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2012-04-30: I had the great pleasure of speaking with Harriet McDougal Rigney about her life. She's an amazing talent and person and it will take you less than an hour to agree.
2012-04-24: Some thoughts I had during JordanCon4 and the upcoming conclusion of "The Wheel of Time."
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Tell me about Elantris.
Elantris is an interesting book. In epic fantasy, it’s usually all about the big series. And I like big series. I love reading books where you can read book after book about the same character. But I also love the concept of the standalone. I particularly think that a single book that wraps up its entire plot-line is its own special art. I thought that, breaking in with my very first book, the thing I would want to do most is have it be a standalone so that people could give me a chance and try one of my books without having to get into something really big. They could try a single book and know how I would plot, how I can do a climax and bring things to an end. So it’s different in that it is a standalone, and there aren’t sequels to it: I later did a trilogy set in a different world, but this is a standalone. It also is interesting in that it doesn’t follow some of the standard cliché plots of the fantasy genre: There’s no quest, there’s no young hero searching for a magical object. It’s something different.
Elantris is the story of a magical city, “City of the Gods” it was called amongst these people. What would happen is, in this kingdom, there was this force that no one understands, but it would randomly choose people and grant them divine powers. Their skin started to glow; they could draw ruins in the air that would do these powerful magics. Once you were chosen by this force, you became one of the gods of these people, you move to the city of Elantris, which was the capital, and from there you would rule with all the other Elantrians, as they would call them: there were hundreds of them.
Well, the book is unique in that that’s not the story. The story starts ten years before the book actually start, and something goes wrong. The magic stops working. All these people, who had these divine powers, they lost them all. They caught this sort of “magical leprosy,” this disease, that turned them all into these poor wretches. They lost all their powers, and the kingdom just about collapsed. Imagine what would happen if not only your ruling class, but the divine gods of your religion, just suddenly were cast down: to a person, they all lost their abilities, just became the lowest of the low. So the common people and the merchant class took all of these people who were their gods, frightened that what they have might be catching, and they locked them in the city of Elantris and just tried to forget about them, turned it into a big prison city.
Well this force keeps picking people, and now it curses them with this disease. The book is about the crown prince of this kingdom, who catches this disease: whatever it is, the force chooses him and turns him into one of these poor wretches, this terrible disease. His own father covers up what happened, throws him into the city with all of these people who used to be gods. It’s the story of him trying to survive in there while also trying to figure out what happened ten years ago: where did the magic go? What when wrong? It’s his story and the story of his fianceé, who is living outside in the new capital city: she’s trying to figure out what happened to him because of the big cover up. So it’s political intrigue on her part: searching for what happened to him, trying to keep an invading force from conquering, and he is on the inside just trying to discover the secrets of what happened.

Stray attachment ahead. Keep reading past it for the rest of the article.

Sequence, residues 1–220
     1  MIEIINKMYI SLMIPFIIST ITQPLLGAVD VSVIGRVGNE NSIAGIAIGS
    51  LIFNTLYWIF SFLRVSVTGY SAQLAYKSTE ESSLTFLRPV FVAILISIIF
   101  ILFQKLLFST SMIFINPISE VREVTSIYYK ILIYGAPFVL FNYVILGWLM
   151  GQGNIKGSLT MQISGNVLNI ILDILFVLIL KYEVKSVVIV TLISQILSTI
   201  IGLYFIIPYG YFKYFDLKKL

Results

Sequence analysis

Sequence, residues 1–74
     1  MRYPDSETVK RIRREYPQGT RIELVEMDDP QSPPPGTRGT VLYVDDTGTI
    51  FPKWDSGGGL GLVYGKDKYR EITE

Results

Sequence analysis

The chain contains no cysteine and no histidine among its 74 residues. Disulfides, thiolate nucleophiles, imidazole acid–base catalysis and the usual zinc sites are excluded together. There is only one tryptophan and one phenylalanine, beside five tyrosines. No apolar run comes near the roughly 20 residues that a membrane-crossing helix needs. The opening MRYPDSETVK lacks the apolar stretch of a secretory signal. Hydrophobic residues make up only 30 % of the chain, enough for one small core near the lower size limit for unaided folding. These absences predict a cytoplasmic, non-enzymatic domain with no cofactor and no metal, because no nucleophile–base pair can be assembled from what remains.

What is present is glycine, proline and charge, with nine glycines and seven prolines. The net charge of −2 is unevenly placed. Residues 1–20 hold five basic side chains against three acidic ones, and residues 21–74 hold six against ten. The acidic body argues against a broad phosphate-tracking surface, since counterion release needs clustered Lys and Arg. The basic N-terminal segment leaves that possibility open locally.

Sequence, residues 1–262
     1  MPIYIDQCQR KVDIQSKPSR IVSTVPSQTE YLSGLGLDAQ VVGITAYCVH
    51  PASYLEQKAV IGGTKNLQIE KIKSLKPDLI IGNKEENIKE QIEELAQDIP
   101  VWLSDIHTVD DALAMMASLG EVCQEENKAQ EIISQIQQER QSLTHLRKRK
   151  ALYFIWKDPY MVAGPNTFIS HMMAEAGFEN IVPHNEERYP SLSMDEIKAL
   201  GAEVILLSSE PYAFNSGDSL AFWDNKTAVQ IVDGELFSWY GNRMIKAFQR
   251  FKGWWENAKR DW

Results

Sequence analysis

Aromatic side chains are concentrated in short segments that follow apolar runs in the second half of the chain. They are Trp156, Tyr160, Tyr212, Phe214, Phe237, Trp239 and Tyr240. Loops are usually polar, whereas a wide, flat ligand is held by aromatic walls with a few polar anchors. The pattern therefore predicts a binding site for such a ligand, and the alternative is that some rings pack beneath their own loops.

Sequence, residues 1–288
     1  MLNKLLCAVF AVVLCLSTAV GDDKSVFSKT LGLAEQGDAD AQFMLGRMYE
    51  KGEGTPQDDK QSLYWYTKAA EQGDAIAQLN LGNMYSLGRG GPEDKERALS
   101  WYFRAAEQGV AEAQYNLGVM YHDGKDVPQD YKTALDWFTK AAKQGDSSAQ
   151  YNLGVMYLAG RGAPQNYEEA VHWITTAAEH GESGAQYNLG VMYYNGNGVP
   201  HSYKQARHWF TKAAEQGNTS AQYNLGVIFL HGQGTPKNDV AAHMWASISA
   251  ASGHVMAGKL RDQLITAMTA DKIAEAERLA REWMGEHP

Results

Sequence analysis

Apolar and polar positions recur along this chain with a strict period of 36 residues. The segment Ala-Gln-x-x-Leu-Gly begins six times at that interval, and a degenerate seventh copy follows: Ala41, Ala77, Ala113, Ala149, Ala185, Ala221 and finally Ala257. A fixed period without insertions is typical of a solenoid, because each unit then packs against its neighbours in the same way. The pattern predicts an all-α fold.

This is kind of a different story for the fantasy world. Instead of being about a peasant who becomes a king, it’s about a king who essentially becomes less than a peasant, becomes less than a beggar. His own religion says that he’s now damned for eternity, he’s lost his soul. It’s kind of the story of what it means to be a king or to be a pauper, what does it mean when everything turns against you? How do you see yourself in the world now? Can you be happy as one of these poor wretches or do you have to just give in to your fate?
It did very well, went through three hardcover printings—sold in I think fourteen languages—I was just incredibly excited about how much people have enjoyed it because it was a little bit risky, I thought, in a genre populated by the big twelve-book epic, to release a stand-alone. But we’ve been very pleased with how it was received.
Was the Reod natural?
The Reod natural? [Laughs]
Here’s the thing, you’ve answered this question for us already, we just need it on audio.
It wasn’t the Reod that was the question it was was the earthquake natural?
No, Eric’s asking if the Reod was natural.
To heck with Eric, we don’t care about him.
You’ve told us that the earthquake was not caused by natural events.
Yeah, it’s a complicated question because the earthquake was not caused by natural but the Reod was a natural effect of the earthquake, then... does that make sense? So the Reod is natural, a natural result of... does that make sense? That’s why it was a tricky question.
But the earthquake was not natural.
No, it was not.
So the Reod is a natural reaction to an unnatural occurrence.
And wasn’t it because there was like magical strain on the land?
That is certainly part of what was going on.
Let's go ahead and—Oh boy, Elantrian calendar—Is this Windy?
I don't remember who asked this one, I don't have their names written down here.
I don't have my wiki on me, I'm not going...